What is it about Hunger Games by Suzanne Collins that enthralls me so much? My husband teases that it’s all the fighting and the killing. He is right that the book is driven by violence. It is also driven by suspense. Which means in either case, it’s not my typical book. I prefer character books; where there is more than action to the story. Hunger Games however is that special hybrid that offers mind-bending and heart-wracking thrills, while also offering up characters to love, settings to absorb, and enough emotional angst and moral probing to leave one slightly unsettled when the book covers are shut.
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Collins reveals much of the depth of her main character Katniss through the memories she relives of family, friends, and neighbors while competing for her life against eleven other selected tributes in the Capitol’s arena of death. Even before being plunged into this nightmare, however, we first see Katniss seek the warm comfort of her sister, anticipate the comfortable presence of best friend Gale, swing by the Hob (a black market) which remains busy even on Reaping Day, and struggling to accept help from her mother. In other words, in just one chapter, Collins successfully presents Katniss as a vulnerable and flawed but likeable character. Then in the very next, her sister’s name is called as a tribute, Katniss volunteers to take her place, and the countdown to the Hunger Games begins. Yet Collins continues to delve deeply into her characters, like a miner burrowing deeper and deeper into the earth, even as the action switches from District 12 to the Capitol and to the Hunger Games arena.
While I also do not particularly gravitate to books about other worlds, setting can enhance a book for me in the same way that large screens and high definition video can enhance the movie-viewing experience. Collins has delineated details so well that her hauntingly medieval but also starkly futuristic setting feels alarmingly real. Each district in her country of Panem lives by a trade, in District 12 children grow up to be coal miners, and suffers from the effects of war. All districts are separated from one another, surrounded by electric fences, and often guarded by Peacekeepers who punish law-breakers with whippings, gallows, or gunfire. Even worse, the Capitol annually requires each district to enter names of children into a drawing, from which one youth per district is picked to compete in the Hunger Games, from which there is allowed to only a single survivor. In ancient times maidens were sacrificed to appease monsters or gods; in Panem, children are thrown into an arena where environmental features such as manufactured wild birds and beasts are dreamt up by the Gamekeepers of the Capitol.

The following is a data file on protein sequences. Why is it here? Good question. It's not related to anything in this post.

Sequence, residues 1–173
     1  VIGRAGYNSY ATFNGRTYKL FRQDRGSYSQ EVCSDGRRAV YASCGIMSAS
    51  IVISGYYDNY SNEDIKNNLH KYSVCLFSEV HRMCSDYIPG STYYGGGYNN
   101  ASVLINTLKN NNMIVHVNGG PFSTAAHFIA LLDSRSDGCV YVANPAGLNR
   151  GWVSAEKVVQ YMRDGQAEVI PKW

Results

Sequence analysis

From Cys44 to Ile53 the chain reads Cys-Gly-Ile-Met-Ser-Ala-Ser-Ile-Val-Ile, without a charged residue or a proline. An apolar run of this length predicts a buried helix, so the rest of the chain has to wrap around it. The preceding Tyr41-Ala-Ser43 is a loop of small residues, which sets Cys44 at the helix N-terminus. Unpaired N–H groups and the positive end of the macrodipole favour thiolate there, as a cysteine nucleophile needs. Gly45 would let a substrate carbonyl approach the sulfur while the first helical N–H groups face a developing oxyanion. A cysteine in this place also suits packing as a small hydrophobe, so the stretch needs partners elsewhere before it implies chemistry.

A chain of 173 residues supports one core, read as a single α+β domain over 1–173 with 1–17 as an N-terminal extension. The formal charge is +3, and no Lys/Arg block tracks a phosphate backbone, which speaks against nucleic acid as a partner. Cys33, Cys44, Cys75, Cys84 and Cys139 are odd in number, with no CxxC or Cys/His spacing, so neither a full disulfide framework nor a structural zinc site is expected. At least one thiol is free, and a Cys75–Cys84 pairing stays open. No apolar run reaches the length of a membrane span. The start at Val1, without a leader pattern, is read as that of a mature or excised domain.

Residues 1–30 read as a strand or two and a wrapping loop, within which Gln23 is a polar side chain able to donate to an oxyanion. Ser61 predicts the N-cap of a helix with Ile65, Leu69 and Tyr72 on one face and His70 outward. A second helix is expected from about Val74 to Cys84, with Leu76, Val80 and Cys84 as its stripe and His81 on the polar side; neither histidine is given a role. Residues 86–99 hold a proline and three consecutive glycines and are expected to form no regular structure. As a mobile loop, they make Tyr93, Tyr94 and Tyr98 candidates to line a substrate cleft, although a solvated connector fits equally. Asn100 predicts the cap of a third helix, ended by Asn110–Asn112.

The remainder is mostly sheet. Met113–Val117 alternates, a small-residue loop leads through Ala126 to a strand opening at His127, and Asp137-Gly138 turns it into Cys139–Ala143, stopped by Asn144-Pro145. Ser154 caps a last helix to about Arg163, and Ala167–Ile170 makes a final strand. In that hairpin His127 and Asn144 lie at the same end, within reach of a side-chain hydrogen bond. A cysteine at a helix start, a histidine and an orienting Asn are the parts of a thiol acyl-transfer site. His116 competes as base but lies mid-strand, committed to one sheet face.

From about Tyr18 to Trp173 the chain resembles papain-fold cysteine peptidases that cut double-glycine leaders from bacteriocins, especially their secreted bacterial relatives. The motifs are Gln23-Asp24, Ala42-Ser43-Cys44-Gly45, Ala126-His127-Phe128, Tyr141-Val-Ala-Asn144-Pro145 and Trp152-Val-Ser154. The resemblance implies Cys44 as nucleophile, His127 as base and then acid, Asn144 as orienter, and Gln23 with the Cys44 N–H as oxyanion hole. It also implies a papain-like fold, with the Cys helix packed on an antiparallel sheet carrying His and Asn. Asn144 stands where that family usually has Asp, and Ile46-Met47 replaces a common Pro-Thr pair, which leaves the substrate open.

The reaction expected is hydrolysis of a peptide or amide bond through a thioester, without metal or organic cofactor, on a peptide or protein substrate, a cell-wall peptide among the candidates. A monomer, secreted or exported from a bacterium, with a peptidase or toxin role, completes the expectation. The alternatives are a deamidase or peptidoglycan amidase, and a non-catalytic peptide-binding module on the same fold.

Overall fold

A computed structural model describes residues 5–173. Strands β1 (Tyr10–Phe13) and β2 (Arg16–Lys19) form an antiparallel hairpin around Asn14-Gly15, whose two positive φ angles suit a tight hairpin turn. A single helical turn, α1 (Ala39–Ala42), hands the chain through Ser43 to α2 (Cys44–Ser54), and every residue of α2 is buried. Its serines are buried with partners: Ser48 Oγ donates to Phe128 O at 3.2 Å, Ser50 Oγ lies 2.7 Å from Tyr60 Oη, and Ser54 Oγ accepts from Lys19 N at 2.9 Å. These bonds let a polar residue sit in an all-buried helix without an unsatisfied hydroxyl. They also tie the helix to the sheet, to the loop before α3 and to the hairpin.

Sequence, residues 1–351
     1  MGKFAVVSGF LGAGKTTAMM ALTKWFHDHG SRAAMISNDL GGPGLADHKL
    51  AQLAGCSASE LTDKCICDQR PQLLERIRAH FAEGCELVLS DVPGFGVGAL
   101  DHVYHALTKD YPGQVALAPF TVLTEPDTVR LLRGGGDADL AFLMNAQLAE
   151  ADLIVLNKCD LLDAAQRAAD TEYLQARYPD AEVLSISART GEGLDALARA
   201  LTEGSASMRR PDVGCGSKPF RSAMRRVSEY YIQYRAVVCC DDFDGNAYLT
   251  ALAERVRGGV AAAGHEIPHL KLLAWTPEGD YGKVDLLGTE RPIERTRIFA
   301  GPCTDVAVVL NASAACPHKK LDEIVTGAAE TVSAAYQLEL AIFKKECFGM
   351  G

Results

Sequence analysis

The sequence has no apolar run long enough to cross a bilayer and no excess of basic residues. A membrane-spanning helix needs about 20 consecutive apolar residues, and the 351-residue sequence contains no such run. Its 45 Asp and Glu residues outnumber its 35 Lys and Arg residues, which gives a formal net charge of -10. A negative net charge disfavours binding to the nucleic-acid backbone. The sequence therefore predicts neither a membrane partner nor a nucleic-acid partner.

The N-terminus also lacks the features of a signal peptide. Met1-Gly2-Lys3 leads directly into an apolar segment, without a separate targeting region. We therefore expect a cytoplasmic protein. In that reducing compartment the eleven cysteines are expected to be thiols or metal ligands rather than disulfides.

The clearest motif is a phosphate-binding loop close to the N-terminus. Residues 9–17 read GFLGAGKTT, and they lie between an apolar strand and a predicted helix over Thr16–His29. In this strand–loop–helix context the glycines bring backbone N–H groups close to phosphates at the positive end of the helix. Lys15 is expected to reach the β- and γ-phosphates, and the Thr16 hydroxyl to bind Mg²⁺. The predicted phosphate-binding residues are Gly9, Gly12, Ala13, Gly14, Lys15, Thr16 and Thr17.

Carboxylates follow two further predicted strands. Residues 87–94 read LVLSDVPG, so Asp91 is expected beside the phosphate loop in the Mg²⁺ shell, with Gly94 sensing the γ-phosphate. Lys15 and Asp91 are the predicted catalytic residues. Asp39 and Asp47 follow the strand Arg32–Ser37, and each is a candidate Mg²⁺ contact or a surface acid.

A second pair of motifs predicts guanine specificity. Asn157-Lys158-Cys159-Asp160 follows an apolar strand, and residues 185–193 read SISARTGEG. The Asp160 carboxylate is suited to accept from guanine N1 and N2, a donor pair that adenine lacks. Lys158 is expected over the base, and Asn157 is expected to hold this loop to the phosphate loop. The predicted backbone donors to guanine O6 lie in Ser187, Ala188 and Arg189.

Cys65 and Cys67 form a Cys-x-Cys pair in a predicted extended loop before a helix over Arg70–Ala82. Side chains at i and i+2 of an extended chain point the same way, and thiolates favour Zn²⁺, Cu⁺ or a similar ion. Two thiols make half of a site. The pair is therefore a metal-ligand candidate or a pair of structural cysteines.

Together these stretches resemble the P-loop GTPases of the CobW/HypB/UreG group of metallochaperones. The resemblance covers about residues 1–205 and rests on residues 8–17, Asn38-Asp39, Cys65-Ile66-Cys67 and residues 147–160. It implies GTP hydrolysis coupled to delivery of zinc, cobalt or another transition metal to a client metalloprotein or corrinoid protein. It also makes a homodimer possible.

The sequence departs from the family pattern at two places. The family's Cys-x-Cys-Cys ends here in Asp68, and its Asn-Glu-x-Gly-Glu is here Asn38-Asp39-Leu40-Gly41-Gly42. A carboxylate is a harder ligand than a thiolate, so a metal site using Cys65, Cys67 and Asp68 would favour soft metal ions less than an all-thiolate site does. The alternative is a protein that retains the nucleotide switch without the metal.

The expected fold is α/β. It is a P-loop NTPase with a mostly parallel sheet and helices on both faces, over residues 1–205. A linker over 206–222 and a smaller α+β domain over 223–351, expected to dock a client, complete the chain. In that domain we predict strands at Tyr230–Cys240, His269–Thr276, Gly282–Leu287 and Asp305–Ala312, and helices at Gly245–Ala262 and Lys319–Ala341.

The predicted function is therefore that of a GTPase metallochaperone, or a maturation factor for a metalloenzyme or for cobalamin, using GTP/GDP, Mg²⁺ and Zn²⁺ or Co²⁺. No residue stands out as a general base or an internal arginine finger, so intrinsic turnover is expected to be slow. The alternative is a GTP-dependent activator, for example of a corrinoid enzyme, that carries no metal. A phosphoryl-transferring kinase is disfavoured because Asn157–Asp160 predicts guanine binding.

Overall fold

I could rave further about all the positives of Hunger Games. There is Collins’ style: “As I stride to the elevator, I fling my bow to one side and quiver to the other … brush past the Avoxes who guard the elevators and hit the number twelve….” Teachers would definitely praise Collins for her use of WOW words! There is also the thematic undertone: Consider Peeta’s declaration that in the arena: “I want to die as myself.” His stirring words causes a quarrel between him and Katniss that reminds of the varied reactions of contestants on reality shows. Truly Hunger Games holds so many qualities so perfectly blended together that it needs to be your next read.
My rating? Bag it: Carry it with you. Make it a top priority to read.
How would you rate this book?